The first presidential debate will take place on Wednesday. Education is likely to be an important topic for both the presidential and vice presidential debates.
Dennis Van Roekel, president of the National Education Association, said President Obama has been talking about the importance of education from “pre-K to graduate” since his 2008 campaign.
Van Roekel said that during his first term, President Obama revamped the student loan program, and he saved 400-plus jobs in education. The president also increased Pell Grants, which provide need-based grants to low-income undergraduate students and some post-baccalaureate students.
“I know what he’ll stress very much: the importance of education to the individuals who are pursuing their dream, to our economy about growing jobs and for our nation,” Van Roekel said.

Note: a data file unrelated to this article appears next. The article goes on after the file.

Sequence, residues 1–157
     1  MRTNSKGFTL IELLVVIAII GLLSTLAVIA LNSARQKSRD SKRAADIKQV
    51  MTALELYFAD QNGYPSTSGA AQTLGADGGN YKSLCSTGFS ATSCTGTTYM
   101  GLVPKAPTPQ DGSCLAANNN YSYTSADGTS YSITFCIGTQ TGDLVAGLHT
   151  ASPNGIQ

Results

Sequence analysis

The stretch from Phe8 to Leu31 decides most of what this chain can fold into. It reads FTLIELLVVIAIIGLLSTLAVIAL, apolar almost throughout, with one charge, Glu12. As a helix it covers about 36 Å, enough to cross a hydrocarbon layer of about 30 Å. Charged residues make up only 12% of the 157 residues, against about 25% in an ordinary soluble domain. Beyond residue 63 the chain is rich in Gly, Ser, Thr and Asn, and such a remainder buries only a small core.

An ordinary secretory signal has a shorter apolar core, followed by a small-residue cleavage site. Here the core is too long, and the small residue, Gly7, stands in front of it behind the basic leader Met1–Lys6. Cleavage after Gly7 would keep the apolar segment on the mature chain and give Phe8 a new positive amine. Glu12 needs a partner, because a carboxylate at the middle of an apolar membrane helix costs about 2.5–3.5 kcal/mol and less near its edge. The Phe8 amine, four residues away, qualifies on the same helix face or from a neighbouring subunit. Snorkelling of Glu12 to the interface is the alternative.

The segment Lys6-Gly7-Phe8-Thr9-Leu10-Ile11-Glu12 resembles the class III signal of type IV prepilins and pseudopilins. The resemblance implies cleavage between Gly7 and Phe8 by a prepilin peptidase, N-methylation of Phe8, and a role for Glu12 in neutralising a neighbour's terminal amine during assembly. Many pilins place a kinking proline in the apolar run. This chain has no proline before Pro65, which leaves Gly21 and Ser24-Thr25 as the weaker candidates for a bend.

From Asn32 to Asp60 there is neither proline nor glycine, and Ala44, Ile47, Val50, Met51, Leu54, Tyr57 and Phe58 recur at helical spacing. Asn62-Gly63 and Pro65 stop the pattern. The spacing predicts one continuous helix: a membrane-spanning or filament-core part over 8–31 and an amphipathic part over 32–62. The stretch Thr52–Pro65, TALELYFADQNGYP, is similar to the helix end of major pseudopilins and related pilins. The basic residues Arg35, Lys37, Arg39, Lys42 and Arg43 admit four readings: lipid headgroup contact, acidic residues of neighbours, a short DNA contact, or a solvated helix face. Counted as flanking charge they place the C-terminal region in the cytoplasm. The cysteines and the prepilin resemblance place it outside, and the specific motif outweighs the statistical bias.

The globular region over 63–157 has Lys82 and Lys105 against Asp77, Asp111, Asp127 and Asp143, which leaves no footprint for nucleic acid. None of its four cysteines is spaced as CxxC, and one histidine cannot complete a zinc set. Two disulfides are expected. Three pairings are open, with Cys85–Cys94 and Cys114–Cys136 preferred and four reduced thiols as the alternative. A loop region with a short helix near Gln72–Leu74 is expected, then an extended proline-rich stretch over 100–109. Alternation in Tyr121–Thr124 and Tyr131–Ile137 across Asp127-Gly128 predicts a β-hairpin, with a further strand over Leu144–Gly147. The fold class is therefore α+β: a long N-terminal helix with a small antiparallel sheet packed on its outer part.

Republican presidential candidate, Mitt Romney, has talked about superior public education in countries like Finland.
Van Roekel said these remarks show that Romeny is either oblivious or does not care about education’s future because various factors in countries, such as Finland, Singapore and South Korea, are very different.
The support and collaboration of unions are strong in those nations, according to Van Roekel. These countries do not focus on high-stakes standardized tests, and they do not label schools or have charter schools.
“They invest in early childhood education, an absolute must in our future,” Van Roekel said.
In reference to recent nationwide strikes and overall morale of the education system, Van Roekel said that blame is not the answer.
Van Roekel stressed the importance of uniting as a nation behind education.
Cassandra Vangellow edited this story online.